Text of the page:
Have you ever wondered what the world will look like in 1000 years? Conceptual artist and experimental philosopher Jonathon Keats has decided to capture it on camera. He has created a public art project that will capture the environmental change in the Lake Tahoe Basin over the course of one millennium. And for this, he is using a photographic approach based on the traditional pinhole camera.
Pinhole photography has had an interesting life. It started off as the most basic fundamental way to capture an image. Despite becoming “obsolete” as lens technology developed, it’s still one of the first types of camera often taught to kids learning photography. They make their own from scratch and then go out and shoot with it. It’s photography at its most simple.
In the digital age, pinhole photography has started to make something of a comeback. Some make their own pinholes, while others buy modified DSLR body caps online. The Thingyfy Pinhole Pro, though, really takes pinhole photographer to the extreme. What makes it unique, and pretty cool, is that it features a variable aperture, with pinhole sizes ranging from 0.1 to 0.8mm in diameter.
Last Sunday (30th April) was ‘World Pinhole Day’. So I decided early on that my photo story this week would be about pinhole photography.
Initially, I’d planned to take and show some pinhole photographs. But as I played with the idea, I realised that the more interesting story was about the making of the pinhole camera.
So think of this as a DIY Photography story.
Digital photography created a wonderful new world of opportunities but it also changed the way we photograph, instilling in us a lot of bad habits.
One of the worst effects of digital photography is to make us shoot too much and post process even more. It’s kind of strange, even with a strong film background, when we use digital we forget to have a slow approach to our subjects.
Using the term “potato” to describe what we feel are inadequate devices is commonplace. My wife refers to her computer as a potato, because it’s pretty old and getting kinda slow. Many consider some of the original DSLRs of a little over a decade ago to be potatoes by today’s standards. For Australian photographer Colin Lowe, it’s not just a metaphor.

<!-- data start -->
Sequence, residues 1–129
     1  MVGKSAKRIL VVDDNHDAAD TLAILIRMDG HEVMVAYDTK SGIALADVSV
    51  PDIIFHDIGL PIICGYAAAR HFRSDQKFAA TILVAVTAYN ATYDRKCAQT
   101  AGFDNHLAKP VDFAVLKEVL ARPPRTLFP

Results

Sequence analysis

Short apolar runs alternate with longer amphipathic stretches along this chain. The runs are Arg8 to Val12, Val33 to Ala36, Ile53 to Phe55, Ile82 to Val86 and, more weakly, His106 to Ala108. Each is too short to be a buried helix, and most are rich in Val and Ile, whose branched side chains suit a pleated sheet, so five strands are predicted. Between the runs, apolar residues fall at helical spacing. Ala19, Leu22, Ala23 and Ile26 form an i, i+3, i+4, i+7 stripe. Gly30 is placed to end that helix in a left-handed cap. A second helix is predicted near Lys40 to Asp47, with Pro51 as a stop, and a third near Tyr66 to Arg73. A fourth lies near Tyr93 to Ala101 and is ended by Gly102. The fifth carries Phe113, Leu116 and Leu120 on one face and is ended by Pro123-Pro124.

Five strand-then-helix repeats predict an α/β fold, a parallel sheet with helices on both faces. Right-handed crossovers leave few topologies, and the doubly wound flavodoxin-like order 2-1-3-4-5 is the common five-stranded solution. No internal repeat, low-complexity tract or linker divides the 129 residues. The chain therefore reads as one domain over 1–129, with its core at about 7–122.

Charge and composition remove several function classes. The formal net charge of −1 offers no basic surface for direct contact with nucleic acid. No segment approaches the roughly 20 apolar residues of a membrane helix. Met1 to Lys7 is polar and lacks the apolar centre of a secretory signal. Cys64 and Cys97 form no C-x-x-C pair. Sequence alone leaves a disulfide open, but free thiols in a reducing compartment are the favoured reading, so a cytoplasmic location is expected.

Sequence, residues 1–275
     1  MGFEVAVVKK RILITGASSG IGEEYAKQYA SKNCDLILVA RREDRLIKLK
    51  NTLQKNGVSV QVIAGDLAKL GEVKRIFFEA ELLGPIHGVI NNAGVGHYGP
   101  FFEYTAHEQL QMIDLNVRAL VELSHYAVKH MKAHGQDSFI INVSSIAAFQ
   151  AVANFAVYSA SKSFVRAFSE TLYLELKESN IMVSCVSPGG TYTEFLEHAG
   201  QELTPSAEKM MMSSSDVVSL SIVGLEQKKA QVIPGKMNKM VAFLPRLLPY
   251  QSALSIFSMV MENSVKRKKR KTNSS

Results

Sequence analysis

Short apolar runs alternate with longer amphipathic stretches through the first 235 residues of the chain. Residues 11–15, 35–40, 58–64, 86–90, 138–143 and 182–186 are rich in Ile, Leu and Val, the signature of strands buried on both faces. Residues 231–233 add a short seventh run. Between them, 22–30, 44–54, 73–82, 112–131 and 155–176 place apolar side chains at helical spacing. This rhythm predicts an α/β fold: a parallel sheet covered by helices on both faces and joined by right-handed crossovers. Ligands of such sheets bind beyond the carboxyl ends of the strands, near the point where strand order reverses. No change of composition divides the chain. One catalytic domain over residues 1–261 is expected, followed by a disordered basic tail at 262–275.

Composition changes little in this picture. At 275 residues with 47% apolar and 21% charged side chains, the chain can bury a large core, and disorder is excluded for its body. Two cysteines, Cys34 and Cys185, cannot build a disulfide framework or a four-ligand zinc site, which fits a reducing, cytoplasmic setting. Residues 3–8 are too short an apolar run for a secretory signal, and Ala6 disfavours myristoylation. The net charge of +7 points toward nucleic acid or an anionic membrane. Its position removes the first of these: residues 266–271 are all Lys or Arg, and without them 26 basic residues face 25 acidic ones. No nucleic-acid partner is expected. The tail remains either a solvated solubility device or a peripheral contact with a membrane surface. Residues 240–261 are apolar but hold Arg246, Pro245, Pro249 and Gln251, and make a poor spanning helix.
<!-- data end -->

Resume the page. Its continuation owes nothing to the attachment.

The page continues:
Colin actually built a pinhole camera out of a potato. Best of all, he did it to win a bet! We’ve seen some pretty cool pinhole cameras made from a variety of materials, but this is one of the most unusual I’ve ever come across. This isn’t the first pinhole camera that Colin’s made, and we wanted to find out more. So, DIYP got in touch with Colin to have a chat.
Ever wondered how your flash tube looks like when it actually fires? It looks like a space station. And not those hi-tech preppy stations too. It looks like what our great, great grandparents would have build for a space station.
Photographer Hal Harrison took this to the test. Shooting a strobe tube is actually not an easy task. You want to keep maximal Depth of Field, but in the same time you need to get lots of light, nail focus and deal with every aspect of macro photography.
Over the years, we’ve shared more than a handful of tutorials on how to make your very own pinhole camera. What we haven’t shared is how to make the actual pinhole itself. You know, the most vital part to actually capturing the image.
We’ve all seen photos from the early days of photography, and we all know how far imaging technology has come over the years, but how did we go from long-exposure self-portraits to instant selfies?
Using one model and a whole lot of Photoshop, Leo recreated eleven essential milestones in photographic history.
We’ve seen our fair share of interesting pinhole cameras, but in terms of cleverness, this one is going to be hard to beat. That’s because, it’s just as much a book as it is a camera.
It’s a creation of artist Kelli Anderson, called This Book is a Camera. As the name of the book suggests, it’s a pop up book that turns into a functioning pinhole camera when you open it up.[Read More…]
Kotama Bouabane, a photographer and artist in residence at the Banff Center in Alberta, Canada, had the idea to make a camera out of a coconut shell to see what kind of photos he couldget. To do so, Bouabane poked a hole through one of the coconut’s “eyes”, cut it in half, then drained and removed the coconut meat. To expose a photo, he simply slides a piece of photographic paper between the two halves and opens the “eye” hole to let in light. (Bouabane even saves the coconut water to put into his chemical baths when he’s developing the images.)[Read More…]